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Romans 8:35 VOICE

Reminder for you:

So who can separate us? What can come between us and the love of God’s Anointed? Can troubles, hardships, persecution, hunger, poverty, danger, or even death? The answer is, absolutely nothing. (Romans 8:35 VOICE)

"Trouble Don't Last Always" Playlists

We'll miss being together in worship. 

To help us get through these tough times, we've put together a playlist that will shift your focus from the problems of this world to the God who is really in control. 


Click here for the YouTube Playlist.


Click here for the Apple Music Playlist.


Click here for the Spotify Playlist.

Download our App!

 This is really exciting! Click here (SMZBC App), enter your phone number, and they'll send you a link on your cell phone to install the SMZBC app on your Apple or Android device.  On the app, we'll be posting sermon notes, you can follow the church's social media, give, update your contact information on your profile, and stay in the loop with upcoming events. 

  • On the app, you can listen to a specially curated "Lent 2020" playlist for those who have Spotify or Apple Music.
  • Special Section For Members Only: We'll be posting the Sunday's Sermons at the Mount on this site so you can listen at your leisure.  You will see them on the home page when you log in to your profile.

February 27, 2020 (Lenten Devotional)

Expect the Unexpected

by Nicole Massie Martin

Read Exodus 5:10–23

Then Moses turned again to the Lord and said, “O Lord , why have you mistreated this people? Why did you ever send me? Since I first came to Pharaoh to speak in your name, he has mistreated this people, and you have done nothing at all to deliver your people.” (5:22–23)

It was supposed to be different. When Moses agreed to follow God, things were supposed to get better. The lives of the Israelites should have gotten better. Moses and his family should have been better off. Saying “yes” to God was supposed to lead to increase, not decrease. But instead of getting better, things began to get worse.

God met with Moses and promised to deliver the Israelites. God promised they would be free to worship and no longer bound to the Egyptians. But Pharaoh denied the request for worship and decided to make their lives worse. Demanding more bricks with less straw, the promise of freedom instantly turned into the reinforcement of slavery. Is this what God had in mind all along?

Life with God is filled with promises and expectations. However, God’s promises are not always fulfilled when or how we expect. We can be so focused on an expected result of a promise that we lose sight of the source of the promise. In our anguish, we want God to move quickly, wasting no time to do what God promised to do. Yet even in desperate times, we are called to reset our expectations of God. This becomes a sacred opportunity to take the focus off of what God does and refocus on who God is.

What expectations must you surrender today? How can you redirect your attention from what God does to who God is? When you lean in, you might be surprised how God allows you to let go. While your assignment or suffering may not immediately change, God can strengthen you to let go of the resentment associated with your pain. Leaning in helps us to discover that our trouble does not trouble God one bit.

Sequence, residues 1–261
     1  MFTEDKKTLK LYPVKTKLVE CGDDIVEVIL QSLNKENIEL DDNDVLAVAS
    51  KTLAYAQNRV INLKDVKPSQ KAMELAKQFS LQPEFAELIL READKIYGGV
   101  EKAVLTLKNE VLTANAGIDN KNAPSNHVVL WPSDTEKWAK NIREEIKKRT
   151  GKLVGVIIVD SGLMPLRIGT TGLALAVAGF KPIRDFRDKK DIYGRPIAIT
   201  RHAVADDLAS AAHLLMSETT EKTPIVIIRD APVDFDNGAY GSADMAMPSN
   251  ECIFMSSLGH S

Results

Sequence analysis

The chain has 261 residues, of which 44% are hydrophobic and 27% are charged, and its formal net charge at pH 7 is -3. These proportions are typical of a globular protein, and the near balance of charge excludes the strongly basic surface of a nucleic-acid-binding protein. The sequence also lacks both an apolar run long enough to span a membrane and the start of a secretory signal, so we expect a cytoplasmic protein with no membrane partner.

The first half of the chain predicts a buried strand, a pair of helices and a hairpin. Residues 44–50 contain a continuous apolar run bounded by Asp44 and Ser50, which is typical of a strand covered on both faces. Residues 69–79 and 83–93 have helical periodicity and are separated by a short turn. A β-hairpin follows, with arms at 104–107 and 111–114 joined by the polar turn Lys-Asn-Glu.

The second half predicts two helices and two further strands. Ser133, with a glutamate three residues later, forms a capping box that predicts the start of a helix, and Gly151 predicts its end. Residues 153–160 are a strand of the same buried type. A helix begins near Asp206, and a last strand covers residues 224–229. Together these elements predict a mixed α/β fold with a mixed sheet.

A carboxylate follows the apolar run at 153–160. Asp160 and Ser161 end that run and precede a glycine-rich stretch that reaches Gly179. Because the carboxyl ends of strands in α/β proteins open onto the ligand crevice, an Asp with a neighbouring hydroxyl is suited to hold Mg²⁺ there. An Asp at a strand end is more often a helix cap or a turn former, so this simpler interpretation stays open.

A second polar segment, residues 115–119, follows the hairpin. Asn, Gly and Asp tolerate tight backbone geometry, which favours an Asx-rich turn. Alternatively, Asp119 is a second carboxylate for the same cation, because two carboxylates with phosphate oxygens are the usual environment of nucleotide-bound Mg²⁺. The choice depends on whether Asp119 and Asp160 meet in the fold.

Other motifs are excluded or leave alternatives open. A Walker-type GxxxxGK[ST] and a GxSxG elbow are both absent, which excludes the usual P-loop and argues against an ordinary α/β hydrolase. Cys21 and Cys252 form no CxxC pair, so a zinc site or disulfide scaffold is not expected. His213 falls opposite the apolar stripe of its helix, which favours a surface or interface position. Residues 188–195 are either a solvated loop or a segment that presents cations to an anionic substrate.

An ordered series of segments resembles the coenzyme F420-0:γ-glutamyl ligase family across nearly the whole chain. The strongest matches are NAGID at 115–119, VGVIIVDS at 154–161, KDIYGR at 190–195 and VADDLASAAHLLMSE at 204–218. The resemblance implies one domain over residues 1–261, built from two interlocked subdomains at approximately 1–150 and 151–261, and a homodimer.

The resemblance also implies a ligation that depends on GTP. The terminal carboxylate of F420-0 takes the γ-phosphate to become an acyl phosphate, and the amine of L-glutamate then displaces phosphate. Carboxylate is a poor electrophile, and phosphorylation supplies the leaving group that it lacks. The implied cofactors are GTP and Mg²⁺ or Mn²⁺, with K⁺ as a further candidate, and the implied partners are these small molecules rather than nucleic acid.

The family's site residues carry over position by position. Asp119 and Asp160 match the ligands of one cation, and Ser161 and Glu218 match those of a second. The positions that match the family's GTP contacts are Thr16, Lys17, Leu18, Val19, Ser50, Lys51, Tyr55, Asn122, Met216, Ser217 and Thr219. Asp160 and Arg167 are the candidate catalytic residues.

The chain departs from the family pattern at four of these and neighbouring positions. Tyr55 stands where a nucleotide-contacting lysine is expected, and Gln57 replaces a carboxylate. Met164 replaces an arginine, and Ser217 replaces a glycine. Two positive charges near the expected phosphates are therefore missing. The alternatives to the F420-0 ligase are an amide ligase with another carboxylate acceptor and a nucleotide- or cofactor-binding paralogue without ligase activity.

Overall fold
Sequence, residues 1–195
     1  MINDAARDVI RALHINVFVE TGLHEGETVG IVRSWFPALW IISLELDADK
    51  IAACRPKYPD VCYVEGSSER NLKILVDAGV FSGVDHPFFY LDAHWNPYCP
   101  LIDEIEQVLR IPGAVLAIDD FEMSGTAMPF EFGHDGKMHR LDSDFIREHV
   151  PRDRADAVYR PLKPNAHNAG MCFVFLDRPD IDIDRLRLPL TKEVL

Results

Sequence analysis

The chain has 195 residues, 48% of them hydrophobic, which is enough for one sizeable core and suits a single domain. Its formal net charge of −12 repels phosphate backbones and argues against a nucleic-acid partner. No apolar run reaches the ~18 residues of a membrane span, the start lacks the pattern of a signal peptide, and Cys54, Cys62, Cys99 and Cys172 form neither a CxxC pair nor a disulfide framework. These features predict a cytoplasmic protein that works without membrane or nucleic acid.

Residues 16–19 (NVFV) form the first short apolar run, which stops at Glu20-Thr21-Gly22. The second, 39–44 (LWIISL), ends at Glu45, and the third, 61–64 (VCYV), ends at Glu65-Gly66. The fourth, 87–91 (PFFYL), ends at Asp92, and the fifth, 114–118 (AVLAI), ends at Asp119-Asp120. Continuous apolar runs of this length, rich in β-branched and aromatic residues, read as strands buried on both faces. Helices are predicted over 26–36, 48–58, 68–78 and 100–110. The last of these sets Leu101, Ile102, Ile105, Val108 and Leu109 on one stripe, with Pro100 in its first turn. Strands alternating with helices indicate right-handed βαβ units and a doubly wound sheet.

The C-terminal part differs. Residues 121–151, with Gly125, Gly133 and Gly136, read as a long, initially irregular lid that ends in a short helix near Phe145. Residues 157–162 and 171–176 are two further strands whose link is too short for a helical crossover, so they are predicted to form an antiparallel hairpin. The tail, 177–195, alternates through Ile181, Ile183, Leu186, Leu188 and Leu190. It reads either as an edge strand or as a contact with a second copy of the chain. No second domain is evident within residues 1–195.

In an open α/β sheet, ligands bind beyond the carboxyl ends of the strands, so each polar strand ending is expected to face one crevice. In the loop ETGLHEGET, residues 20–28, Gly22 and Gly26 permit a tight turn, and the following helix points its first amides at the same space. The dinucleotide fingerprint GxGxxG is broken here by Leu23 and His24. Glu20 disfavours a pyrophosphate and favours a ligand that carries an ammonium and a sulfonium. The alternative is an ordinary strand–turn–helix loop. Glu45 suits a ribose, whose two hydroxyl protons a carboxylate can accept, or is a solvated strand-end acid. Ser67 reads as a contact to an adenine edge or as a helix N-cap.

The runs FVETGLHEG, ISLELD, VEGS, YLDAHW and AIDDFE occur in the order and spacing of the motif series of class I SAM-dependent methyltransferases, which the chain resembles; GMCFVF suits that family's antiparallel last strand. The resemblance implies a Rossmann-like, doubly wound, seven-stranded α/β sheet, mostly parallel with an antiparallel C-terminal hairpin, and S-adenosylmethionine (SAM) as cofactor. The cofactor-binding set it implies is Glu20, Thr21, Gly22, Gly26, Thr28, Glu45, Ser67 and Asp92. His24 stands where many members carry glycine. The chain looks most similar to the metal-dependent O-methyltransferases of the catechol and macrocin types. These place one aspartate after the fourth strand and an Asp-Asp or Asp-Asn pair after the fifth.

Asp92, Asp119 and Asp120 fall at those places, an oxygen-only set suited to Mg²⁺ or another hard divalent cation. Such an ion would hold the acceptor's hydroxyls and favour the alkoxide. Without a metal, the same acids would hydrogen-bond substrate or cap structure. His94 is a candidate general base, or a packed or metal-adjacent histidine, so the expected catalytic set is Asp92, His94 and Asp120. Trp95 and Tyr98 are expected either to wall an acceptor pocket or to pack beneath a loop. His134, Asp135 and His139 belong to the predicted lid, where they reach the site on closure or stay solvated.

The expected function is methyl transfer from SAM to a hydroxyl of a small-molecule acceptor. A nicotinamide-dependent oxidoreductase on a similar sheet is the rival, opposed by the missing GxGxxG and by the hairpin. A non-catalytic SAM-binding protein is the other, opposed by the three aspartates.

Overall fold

God, reset my expectations. Shift my gaze from your hands to your heart and carry me through all my troubles. Thank you for teaching me how to wait on you.

February 26, 2020 (Ash Wednesday Devotional)

Ash Wednesday: Starting with “Why?”

from Leaning In, Letting Go by Nicole Massie Martin


Read Matthew 6:1–6, 16–21 (in the app, click "Bible" button; on computer, go to www.biblegateway.com)


“Beware of practicing your piety before others in order to be seen by them;  for then you have no reward from your Father in heaven.” (6:1)


“I can’t have dessert; I’m fasting.” My friend was so pleased with her denial that I almost felt a tinge of guilt as I gobbled my chocolate cake. I was proud that she decided to make a commitment to God and happy for her discipline, especially around cake.

As we left our time together that day, I couldn’t stop thinking about her comment and how it made me feel. I was both happy and ashamed, inspired and embarrassed, all at the same time. Should I have been fasting too?


Public displays of righteousness often seem to have this effect. They make the “righteous” feel good while simultaneously making the “unrighteous” feel bad. However, Jesus was not interested in public works. He told his disciples that those people get on earth exactly what they want: to be seen by people on earth. But he wanted them to strive for something more than temporary satisfaction. Jesus wanted them to have a relationship with God in which their doing came as a result of their being . He was less concerned about what they were doing and more concerned about why .


As we enter this season of Lent, Jesus reminds us that he is more concerned about why we lean in than he is about what we let go. We are invited to fast, serve, and pray not because we’ll be recognized by people, but because of our love for God. When God is our audience, no one else has to know.


So whether we choose to eat cake or deny it, whether celebrating in silence or with a loud song, God is most concerned with our motivation, not our activation. When we have the right motives, the simple act of leaning in will be all the reward we need.

Lord, help us to let go of outward piety and lean into your unfailing love. Let your presence be our pursuit and your pleasure our only reward.